You've got to give both sides -- the 65 percent of both populations the notion that there is a possibility here.

SNOW: OK, so I'm going to translate this because we're throwing around "Tenet" and "Taba" and all this stuff, so let's make it simple.

The Taba agreement, again, basically offered something like 97 percent of the West Bank to the Palestinians. It divided up East Jerusalem: Arab sectors go to the Palestinians, Jewish sectors go to the Israelis. Pretty much the same with religious sites. There were security agreements. So you'd have Palestinian state. You had some guarantees of Israeli security. And finally, on an issue that's highly controversial, right of return, Palestinians going back into Israel. There was a very limited right.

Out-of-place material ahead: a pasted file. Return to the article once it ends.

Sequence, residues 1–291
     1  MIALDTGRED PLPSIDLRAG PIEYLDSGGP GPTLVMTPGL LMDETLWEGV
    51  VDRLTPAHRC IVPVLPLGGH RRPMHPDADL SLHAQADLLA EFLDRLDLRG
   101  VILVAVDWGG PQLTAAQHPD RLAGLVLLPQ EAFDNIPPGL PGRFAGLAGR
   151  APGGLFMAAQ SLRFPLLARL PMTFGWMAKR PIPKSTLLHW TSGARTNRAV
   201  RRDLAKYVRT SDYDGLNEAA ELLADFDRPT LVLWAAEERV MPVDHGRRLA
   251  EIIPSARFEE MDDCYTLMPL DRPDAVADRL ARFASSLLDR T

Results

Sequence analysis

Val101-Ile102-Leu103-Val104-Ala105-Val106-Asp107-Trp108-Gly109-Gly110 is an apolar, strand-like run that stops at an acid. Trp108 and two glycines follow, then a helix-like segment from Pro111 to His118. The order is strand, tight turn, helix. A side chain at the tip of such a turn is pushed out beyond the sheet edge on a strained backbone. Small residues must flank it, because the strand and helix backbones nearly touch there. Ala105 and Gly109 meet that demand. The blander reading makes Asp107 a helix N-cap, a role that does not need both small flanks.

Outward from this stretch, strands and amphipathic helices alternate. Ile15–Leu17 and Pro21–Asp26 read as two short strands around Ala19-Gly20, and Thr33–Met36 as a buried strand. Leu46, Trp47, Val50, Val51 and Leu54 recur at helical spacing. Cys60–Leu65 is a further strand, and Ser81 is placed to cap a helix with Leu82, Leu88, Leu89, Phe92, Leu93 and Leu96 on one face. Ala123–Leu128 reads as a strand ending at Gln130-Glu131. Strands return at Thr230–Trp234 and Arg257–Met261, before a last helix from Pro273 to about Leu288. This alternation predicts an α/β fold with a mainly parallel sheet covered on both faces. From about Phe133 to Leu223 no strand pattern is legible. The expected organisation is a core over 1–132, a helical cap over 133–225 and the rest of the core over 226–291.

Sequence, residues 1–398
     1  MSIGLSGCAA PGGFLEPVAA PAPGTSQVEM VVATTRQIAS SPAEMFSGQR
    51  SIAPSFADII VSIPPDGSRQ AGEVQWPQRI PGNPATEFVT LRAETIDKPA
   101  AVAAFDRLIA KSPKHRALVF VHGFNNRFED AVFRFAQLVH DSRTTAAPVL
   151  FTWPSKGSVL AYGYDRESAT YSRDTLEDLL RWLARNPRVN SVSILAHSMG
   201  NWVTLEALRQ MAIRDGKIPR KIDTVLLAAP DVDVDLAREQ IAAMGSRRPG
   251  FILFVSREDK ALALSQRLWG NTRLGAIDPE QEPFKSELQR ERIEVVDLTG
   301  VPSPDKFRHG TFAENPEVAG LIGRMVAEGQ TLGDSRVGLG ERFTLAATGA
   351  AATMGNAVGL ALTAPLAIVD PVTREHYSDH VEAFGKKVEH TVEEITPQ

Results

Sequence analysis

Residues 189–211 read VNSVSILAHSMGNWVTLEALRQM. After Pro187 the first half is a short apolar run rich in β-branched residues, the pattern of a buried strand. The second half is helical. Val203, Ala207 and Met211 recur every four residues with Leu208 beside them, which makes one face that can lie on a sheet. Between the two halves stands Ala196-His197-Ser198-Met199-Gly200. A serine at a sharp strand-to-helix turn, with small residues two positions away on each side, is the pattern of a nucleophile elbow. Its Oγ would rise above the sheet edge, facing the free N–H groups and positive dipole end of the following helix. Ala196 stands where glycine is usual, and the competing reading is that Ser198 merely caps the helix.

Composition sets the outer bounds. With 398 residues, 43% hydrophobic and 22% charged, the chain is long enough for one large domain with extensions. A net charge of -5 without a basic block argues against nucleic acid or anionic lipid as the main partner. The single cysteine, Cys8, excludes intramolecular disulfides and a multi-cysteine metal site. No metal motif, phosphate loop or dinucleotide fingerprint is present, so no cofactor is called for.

HUME: But there was a right that would be -- that would go to a Palestinian state...


BIDEN: Absolutely, back to a Palestinian state.

SNOW: So those, that's what were talking about.

Now, what you are saying is that you would like to see the modern Arab states take that, own that, and start taking that to Yasser Arafat and say...

BIDEN: And us -- and this administration own up to that general person.

Let me ask it another way. What do you think would have happened to Taba if the Saudis, the Egyptians, the Jordanians and everyone said, "Arafat, if you don't accept this, we're cutting your water off?"

SNOW: OK. That being the case....

BIDEN: What do you think would have happened? I don't know.